Aki and I climbed to this mountain meadow for a taste of natural grandeur but have to settle for glimpses of small beauty. Last night another Gulf of Alaska front jammed clouds against our mountains to obscure the peaks and dampened Chicken Ridge with rain. I still find plenty of ground hugging beauty and Aki raced a snowshoe hare.
After getting over disappointment at the lost of sunshine, I’m free to appreciate the complex pattern formed by rain dropped on windblown grass and the magenta flowers — tiny bog rosemary, mysterious (to me) shoots of pink and white petals shaped into hands of prayer, and two late blooming shooting stars. Single stalks of Hooded Lady Tresses tower above the muskeg too far from the trail for me to smell their orchid scent.
On some disturbed ground near the trail I mistake a scattering of small mushrooms for diminutive daisies. A snow shoe hare breaks from cover and tears down the trail. While I’m appreciating the hare’s efficient lope Aki takes after it, shedding her rain wrap in the process. Aki is fast but so is the hare, who has quite a head start. The contestants disappear over a low hill, then Aki returns a little winded. Good thing it wasn’t the Creggan White Hare.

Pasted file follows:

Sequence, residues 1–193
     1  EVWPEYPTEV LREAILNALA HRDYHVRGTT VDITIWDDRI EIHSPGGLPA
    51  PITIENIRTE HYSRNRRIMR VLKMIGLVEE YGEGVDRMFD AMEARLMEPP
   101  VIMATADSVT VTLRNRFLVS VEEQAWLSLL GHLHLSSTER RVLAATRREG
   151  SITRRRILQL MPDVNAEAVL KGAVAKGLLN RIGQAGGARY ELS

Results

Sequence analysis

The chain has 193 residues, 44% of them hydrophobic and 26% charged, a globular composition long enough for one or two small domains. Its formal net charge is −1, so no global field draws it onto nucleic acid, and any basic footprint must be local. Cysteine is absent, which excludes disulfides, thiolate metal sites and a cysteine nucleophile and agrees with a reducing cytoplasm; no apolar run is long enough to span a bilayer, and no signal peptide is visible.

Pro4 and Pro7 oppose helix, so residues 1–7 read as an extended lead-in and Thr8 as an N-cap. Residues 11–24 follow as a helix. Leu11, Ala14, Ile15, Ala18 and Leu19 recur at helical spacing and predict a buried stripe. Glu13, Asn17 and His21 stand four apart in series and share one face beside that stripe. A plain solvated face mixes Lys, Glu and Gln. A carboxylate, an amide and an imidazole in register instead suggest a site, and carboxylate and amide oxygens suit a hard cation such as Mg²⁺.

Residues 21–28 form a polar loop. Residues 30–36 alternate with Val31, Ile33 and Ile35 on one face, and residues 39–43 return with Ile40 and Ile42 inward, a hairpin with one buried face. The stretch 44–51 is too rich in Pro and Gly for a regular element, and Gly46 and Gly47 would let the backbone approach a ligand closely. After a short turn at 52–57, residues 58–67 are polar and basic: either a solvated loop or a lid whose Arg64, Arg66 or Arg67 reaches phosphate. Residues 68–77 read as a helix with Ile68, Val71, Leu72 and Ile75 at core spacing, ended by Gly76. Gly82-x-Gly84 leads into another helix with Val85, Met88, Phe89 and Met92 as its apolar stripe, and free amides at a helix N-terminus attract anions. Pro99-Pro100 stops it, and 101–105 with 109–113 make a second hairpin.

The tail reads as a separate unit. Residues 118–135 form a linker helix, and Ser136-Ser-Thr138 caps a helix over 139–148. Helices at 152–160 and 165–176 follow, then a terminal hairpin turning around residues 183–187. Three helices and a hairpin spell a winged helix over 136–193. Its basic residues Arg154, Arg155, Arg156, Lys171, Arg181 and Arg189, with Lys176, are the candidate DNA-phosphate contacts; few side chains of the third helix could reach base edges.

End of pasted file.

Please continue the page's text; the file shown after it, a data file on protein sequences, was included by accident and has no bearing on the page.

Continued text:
If she were a child, I would lecture Aki, explaining that the hare has a hard enough time surviving on this mountain meadow without being chased by a poodle in fleece. She might respond that she is only yielding to her DNA as a dog bred by the French for the hunt.
On the ride down mountain we spot a deer near the road fringe. With Aki staring at it, the deer boldly approaches the car, fixing me with a hard look. This is too much for Aki, who gives it a growl then watches the deer move slowly into the woods.